Experts Say Your Race Affects Your Dementia Risk

Dementia is an illness that everyone knows is possible yet nobody wants to think about getting. However, there are factors that put certain people at a greater risk than others. Genetics and lifestyle habits have been widely accepted as playing a role in your chances of having dementia. But now, experts say race plays a role, too.

Doctor using a mobile phone notes scan brain results

Researchers say race plays a role in dementia risk. | iStock.com/utah778

Your genes may determine your likelihood for dementia or Alzheimer’s

If someone in your family was diagnosed with dementia, you have a greater risk of having the disease as well. Certain genes can be passed on to members of the same family, so if you have a strong family history of the disease, you may worry about having it. It’s important to note that if only one member of the family has had the disease, your chances probably aren’t too high. Plus, genes are only one part of the equation. Don’t think that just because you have a family history means you’re guaranteed to get the disease.

Your diet and daily habits can also play a role

There are several lifestyle changes you can make to improve your brain function and prolong your brain’s health. And taking these steps also means you’re reducing your risk of dementia. Consuming a diet that is high in sugars, processed foods, and certain fats leads to the nutritional decline of our bodies. And a lack of nutrients means the brain isn’t getting the food it needs to stay healthy. Plus, exercise has been proven to benefit the body in many ways including lowering the dementia risk. If you eat healthy and exercise, you reduce your risk for dementia. Plus, “exercising” your brain by learning something new (such as taking a cooking class or learning an instrument) are also great lifestyle choices that can prolong your brain’s health.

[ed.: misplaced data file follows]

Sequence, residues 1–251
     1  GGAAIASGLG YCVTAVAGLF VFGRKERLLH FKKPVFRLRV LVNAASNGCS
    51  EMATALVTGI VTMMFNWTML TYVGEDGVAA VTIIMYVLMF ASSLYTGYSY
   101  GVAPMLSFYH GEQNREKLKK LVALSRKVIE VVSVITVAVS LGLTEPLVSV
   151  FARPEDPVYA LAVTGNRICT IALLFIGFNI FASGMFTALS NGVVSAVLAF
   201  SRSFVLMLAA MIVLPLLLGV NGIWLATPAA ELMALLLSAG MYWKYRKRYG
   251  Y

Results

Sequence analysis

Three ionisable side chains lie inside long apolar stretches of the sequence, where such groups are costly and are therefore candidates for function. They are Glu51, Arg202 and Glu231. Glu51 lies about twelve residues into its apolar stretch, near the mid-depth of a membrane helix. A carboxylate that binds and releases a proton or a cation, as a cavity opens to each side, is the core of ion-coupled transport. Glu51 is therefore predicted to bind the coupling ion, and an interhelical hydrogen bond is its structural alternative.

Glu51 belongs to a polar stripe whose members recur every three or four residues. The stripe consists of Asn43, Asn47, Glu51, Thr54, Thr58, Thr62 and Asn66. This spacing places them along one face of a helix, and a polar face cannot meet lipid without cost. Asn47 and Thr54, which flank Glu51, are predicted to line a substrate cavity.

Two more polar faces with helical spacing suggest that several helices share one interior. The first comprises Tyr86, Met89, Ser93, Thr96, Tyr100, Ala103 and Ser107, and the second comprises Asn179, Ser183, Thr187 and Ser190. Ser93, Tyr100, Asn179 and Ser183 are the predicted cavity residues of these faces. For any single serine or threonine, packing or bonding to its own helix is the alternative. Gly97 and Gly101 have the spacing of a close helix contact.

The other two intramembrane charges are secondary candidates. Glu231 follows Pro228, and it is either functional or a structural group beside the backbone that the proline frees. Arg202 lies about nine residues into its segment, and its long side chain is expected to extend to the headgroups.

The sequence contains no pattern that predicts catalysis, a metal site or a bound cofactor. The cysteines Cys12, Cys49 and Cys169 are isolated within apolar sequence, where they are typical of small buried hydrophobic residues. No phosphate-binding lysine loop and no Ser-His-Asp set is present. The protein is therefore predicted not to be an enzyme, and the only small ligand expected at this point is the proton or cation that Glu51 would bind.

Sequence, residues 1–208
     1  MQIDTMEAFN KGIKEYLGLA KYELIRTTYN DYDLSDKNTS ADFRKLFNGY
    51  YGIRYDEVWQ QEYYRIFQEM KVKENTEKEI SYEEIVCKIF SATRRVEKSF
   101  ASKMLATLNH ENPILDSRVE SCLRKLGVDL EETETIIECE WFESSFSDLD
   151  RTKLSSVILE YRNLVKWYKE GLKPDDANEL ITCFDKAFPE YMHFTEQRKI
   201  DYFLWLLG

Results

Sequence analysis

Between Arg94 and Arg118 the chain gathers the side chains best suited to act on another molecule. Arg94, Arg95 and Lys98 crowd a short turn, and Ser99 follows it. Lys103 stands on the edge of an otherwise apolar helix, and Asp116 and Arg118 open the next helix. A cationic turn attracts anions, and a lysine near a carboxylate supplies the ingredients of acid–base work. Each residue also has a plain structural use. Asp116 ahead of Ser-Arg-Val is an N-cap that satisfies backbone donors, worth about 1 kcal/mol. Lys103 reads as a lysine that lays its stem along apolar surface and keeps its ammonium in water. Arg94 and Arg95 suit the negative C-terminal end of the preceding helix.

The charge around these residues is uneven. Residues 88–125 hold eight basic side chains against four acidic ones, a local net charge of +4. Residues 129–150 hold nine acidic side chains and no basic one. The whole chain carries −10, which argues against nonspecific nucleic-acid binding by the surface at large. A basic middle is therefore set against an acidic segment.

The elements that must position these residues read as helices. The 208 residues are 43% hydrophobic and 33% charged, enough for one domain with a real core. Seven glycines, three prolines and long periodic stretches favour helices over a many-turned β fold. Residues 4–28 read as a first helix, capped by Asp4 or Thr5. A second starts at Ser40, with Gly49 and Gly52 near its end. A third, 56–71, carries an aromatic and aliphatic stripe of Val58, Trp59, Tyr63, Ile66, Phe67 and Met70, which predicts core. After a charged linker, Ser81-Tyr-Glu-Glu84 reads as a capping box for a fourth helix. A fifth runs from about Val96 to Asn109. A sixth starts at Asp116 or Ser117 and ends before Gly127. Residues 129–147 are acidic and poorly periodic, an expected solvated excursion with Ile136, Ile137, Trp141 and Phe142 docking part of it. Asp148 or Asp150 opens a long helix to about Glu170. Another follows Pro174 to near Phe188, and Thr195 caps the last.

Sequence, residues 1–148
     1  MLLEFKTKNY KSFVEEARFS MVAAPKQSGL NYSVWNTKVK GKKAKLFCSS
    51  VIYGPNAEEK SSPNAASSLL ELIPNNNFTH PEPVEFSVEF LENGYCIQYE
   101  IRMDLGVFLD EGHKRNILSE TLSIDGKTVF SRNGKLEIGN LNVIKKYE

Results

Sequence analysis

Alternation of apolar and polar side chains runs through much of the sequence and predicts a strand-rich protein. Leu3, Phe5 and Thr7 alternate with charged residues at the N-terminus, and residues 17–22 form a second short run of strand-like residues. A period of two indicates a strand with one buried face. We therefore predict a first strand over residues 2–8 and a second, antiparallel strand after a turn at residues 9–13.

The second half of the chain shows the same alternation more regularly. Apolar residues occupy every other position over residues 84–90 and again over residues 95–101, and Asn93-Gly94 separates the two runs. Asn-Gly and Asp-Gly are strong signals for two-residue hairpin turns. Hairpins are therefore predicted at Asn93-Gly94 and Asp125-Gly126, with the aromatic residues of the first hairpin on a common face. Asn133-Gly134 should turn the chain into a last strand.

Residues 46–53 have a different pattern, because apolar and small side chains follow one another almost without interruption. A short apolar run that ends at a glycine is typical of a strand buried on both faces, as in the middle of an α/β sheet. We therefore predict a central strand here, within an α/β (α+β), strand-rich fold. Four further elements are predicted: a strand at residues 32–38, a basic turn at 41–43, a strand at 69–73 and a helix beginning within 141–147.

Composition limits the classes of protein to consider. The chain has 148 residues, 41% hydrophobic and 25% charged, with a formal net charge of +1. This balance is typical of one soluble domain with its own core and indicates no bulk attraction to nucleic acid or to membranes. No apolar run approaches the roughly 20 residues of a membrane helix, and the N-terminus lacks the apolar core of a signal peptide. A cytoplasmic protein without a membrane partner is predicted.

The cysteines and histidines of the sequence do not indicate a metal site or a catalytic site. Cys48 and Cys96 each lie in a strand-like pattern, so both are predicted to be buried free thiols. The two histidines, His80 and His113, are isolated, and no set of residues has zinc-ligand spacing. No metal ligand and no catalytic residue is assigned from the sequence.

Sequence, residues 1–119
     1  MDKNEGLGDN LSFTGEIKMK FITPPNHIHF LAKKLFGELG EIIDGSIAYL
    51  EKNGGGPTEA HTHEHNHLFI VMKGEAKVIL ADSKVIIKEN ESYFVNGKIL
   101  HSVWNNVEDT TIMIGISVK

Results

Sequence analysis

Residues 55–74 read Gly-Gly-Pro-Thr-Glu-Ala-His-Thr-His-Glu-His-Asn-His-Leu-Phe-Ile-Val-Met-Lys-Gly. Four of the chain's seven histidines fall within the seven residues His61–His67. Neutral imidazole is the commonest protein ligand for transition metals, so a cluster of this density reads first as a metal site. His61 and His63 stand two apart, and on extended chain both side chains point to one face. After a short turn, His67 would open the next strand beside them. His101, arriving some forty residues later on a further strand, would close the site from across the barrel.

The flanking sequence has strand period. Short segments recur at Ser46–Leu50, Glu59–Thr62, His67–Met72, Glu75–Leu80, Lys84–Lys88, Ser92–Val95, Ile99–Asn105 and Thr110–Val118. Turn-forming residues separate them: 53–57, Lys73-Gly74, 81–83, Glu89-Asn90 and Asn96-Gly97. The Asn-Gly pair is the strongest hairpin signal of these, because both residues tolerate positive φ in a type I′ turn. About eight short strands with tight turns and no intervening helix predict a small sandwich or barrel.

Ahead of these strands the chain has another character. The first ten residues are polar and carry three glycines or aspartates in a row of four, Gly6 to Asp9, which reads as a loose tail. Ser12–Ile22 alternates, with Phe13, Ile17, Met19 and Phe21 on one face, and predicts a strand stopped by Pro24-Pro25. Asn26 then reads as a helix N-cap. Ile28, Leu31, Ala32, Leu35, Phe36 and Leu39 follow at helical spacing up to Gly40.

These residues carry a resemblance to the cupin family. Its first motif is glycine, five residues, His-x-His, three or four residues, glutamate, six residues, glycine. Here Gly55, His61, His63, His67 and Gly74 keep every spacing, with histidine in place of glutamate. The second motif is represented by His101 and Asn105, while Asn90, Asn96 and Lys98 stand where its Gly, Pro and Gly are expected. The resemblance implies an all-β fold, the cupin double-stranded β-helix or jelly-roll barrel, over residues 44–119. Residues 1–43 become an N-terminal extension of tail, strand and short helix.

New research shows that your race may also play a role in your dementia risk

Researchers at University College and Kings College in London found that black men had a 28% greater risk of developing dementia in their lifetime than white men, and black women had a 25% greater risk than white women. The study followed 2.5 million people to determine if race plays a role in the chances of a diagnosis. The study also found that Asian women had an 18% lower chance of dementia than white women, and Asian men had a 12% lower chance than white men.

The study is the first of its kind to analyze ethnicity to determine whether it plays a role in dementia diagnoses. However, since it’s the first, more research still needs to be done. According to Daily Mail, the study did not go the way scientists anticipated. The much higher likelihood of black men and women to Asian men and women was more than what scientists thought, so further research needs to be done.

While all of these factors might play a role in your chances of having dementia, you can’t rely on only one of them to determine your chances. Genetics don’t always go the way you might think, and lifestyle habits don’t necessarily mean you’re immune to the disease.

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